A levy failure pushes Lakewood to cut spending, tap reserves

Among other cuts, the district plans to axe a school resource officer and leave vacant jobs unfilled.

LAKEWOOD — Leaders of the Lakewood School District will slash spending and dig into reserves to cope with a multimillion-dollar shortfall in its next budget, resulting from voter rejection of an enrichment levy in the primary election.

A school resource officer position will be eliminated, vacant teaching positions will not be filled and social-emotional learning programs will be scaled back as the district’s board of directors looks to pare roughly $1 million in expenses in the coming school year.

They also plan to use $3.3 million in reserves to balance the one-year budget, which takes effect Sept. 1.

They agreed on the approach in a meeting Aug. 5, the day after voters, for the second time this year, did not renew a four-year levy that has provided millions of dollars for classroom and campus operating expenses not covered by the state. Directors are to adopt the budget Aug. 26.

The first day of classes — which will be held remotely for the district’s roughly 2,300 students — is Sept. 8

Had the levy passed, it would have brought in an estimated $6.3 million from property tax collections in 2021 for staff, such as the resource officer and school nurses, as well as athletic programs, band, drama and facility and transportation maintenance. The first chunk of those dollars would have arrived in the spring.

Instead, the board is trimming spending on programs, staff, professional development, materials and supplies, and it is making a one-time draw on reserves to close the gap created by not having those dollars, said Superintendent Scott Peacock.

There isn’t an answer for what will happen farther down the road, when costs for employee salaries and health insurance will climb and allocations from the state will decline due to the funding scheme that evolved from the landmark McCleary lawsuit over state education funding.

“The impacts in the future will be severe,” said board president Jahna Smith.

Peacock said that in late fall they will begin identifying further reductions for the 2021-22 fiscal year that take into account the rest of the funding shortfall created by not having a fall 2021 levy collection.

“We expect those reductions to be deeper and more comprehensive,” he said.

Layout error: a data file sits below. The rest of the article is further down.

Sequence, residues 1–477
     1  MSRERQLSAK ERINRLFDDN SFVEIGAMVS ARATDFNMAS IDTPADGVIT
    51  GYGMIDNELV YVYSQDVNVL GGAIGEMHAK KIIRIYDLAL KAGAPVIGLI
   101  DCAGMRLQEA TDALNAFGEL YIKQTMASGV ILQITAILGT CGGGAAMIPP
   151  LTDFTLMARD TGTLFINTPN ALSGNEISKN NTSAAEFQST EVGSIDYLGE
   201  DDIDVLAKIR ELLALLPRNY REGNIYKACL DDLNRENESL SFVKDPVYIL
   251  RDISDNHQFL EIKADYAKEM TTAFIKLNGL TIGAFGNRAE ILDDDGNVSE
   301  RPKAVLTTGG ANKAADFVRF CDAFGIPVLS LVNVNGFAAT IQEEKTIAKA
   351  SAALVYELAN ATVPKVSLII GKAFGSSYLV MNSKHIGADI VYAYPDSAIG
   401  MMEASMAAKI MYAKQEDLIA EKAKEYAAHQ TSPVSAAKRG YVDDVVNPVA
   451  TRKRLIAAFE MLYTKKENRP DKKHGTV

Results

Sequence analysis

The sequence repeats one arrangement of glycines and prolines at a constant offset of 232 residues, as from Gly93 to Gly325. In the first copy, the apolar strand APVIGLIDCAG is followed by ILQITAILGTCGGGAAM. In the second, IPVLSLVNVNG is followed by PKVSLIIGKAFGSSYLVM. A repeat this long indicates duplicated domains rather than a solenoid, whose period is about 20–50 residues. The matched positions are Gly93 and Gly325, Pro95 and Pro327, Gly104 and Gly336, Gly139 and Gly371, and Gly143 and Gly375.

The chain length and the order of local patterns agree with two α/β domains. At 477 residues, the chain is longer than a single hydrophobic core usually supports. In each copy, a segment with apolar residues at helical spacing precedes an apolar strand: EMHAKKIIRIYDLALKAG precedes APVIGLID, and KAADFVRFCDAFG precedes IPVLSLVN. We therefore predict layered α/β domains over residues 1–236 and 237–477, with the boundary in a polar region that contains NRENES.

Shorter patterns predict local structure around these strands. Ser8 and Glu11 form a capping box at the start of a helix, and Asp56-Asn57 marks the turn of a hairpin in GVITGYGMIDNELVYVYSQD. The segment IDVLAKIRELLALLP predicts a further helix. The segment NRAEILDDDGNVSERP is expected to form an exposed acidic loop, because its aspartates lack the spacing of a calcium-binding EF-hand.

In February, only 45% of voters backed renewing the levy. State law allows districts to try twice in the same year. Before returning to the ballot, district leaders and directors met with parents and community members to get a sense of why the measure didn’t succeed.

The board drew up a slimmer version for the Aug. 4 primary in recognition of the stress and strain wrought by the pandemic and economic downturn. Those headwinds, coupled with a general weariness for taxes, proved too much in this month’s election, though support did rise to 46.2%.

“We were hopeful,” said Smith, who is in her fifth year on the board. “This just reinforces … the district needs to do a better job informing our voters what we’re doing and how we’re spending their tax dollars.”

It’s been 27 years since a Snohomish County school district suffered a double levy failure. It happened to the Snohomish School District, where Peacock was in his first year of teaching. He said he’s shared his experience with those in the community.

“This is something that lingers on for much more than a year,” he said.

At some point, the Lakewood School District will try again, though exactly when is to be decided.

“I don’t think we’re committed to anything right now,” Smith said. “We still need to work with our community and engage people to hear and understand their concerns. Eventually we’ll have to try, whether it is in February or April or next fall.”

Jerry Cornfield: 360-352-8623; jcornfield@heraldnet.com. Twitter: @dospueblos.

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